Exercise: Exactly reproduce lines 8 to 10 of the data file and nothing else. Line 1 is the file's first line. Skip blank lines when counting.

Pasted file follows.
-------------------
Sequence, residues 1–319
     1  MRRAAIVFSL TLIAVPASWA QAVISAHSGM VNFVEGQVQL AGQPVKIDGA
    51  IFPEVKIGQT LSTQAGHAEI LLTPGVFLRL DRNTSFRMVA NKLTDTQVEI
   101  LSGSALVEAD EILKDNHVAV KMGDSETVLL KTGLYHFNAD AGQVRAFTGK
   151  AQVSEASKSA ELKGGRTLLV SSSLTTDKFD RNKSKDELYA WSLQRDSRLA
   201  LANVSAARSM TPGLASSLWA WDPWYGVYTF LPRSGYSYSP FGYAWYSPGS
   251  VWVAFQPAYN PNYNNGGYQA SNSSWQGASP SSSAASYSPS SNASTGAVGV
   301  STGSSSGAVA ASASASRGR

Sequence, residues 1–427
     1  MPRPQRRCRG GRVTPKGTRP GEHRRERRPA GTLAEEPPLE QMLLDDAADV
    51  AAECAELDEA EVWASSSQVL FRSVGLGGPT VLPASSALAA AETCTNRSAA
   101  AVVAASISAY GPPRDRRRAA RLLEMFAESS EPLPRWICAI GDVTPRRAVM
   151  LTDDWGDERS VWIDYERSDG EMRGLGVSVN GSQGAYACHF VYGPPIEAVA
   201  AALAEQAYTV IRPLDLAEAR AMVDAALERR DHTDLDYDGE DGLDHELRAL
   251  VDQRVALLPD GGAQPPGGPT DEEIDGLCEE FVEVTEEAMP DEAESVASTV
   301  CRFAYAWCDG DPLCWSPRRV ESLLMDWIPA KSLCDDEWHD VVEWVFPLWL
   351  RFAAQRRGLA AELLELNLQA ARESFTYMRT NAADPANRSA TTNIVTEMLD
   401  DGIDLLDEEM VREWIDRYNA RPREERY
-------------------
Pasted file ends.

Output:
   301  STGSSSGAVA ASASASRGR

Sequence, residues 1–427
     1  MPRPQRRCRG GRVTPKGTRP GEHRRERRPA GTLAEEPPLE QMLLDDAADV